In this blog I will answer their questions for my own transition. I am not a first generation academic according to their definition. Both my parents attended university. Both teachers. My father had a higher degree. I come from an extended (birth and marriage) family where a PhD is considered the pinnacle of success and many in my family are successful. So I still need to think through the ideas of marginality that are presented in the above text, because apart from being female and a mother, I am far from marginal in academia and may (in fact) unconsciously perpetuate marginality in my practice.

So it is important to put some data down before playing with it through a theoretical lens. Over the future blogs, I would like to play with some theorists and see what I can massage out of my data. Not to be self-indulgent but to play the auto-ethnographic roll where anecdote can be a powerful tool for breaching divides and making the abstract concrete.

The following questions are not taken straight from Thinking with Theory in Qualitative Research, rather they are inspired by them. The questions ask the participants to tell stories about their expectations for career. So here is mine.

1.  Why did you become a teacher? 

I was brought up in a conservative family and alternative school where girls only became teachers or nurses. I realise now that this mentality was archaic for the early 1990s. I think my mother did as well, because I was half-heartedly encouraged to look at engineering, but always told it was good for a girl to have a trade. Something she can fall back on for when she had her babies. Teaching was a trade to my family. Teaching was considered to provide flexibility of hours and workload that ensured I could still be the primary care giver and have a career.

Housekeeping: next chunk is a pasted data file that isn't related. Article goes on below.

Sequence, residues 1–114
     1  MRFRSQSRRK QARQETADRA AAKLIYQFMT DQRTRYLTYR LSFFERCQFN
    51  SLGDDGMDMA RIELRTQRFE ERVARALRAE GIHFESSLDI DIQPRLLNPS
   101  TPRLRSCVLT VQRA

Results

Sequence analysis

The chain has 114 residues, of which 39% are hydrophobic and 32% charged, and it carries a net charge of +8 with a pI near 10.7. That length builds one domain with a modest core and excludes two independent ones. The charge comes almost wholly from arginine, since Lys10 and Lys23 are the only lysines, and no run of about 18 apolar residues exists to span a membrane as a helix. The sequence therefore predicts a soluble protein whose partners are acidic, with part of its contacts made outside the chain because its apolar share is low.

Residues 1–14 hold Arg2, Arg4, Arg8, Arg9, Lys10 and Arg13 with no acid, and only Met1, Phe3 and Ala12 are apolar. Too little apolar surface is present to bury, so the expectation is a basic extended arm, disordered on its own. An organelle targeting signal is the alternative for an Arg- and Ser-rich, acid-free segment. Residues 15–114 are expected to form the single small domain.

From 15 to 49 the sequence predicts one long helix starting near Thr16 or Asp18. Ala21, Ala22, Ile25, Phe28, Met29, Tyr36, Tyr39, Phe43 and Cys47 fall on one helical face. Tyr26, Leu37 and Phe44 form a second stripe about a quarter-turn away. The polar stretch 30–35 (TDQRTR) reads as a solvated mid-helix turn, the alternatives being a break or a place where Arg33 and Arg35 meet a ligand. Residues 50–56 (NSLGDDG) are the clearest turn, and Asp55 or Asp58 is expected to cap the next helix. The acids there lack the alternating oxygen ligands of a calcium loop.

I resisted teaching and instead worked towards international studies because it was a good profession that incorporated my love of the social sciences, especially history. My guidance counselor told me that no one from my school ever got their first preference. I thought I was being clever and put History teaching first, international studies second. I got my first preference. My first preference was at QUT and I had a reason to escape the small town.